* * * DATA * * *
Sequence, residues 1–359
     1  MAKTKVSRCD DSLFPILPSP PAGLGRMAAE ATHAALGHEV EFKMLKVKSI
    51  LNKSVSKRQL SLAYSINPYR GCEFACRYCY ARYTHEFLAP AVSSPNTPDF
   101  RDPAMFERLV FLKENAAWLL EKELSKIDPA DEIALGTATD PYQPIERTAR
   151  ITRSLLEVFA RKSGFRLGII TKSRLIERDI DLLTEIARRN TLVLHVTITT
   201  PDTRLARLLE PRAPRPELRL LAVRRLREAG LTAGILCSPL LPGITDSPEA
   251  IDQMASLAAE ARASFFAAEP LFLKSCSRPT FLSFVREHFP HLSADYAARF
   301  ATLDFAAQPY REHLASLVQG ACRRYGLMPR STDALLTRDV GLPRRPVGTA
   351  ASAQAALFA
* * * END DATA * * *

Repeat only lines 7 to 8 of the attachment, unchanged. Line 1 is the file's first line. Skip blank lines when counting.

   251  IDQMASLAAE ARASFFAAEP LFLKSCSRPT FLSFVREHFP HLSADYAARF
   301  ATLDFAAQPY REHLASLVQG ACRRYGLMPR STDALLTRDV GLPRRPVGTA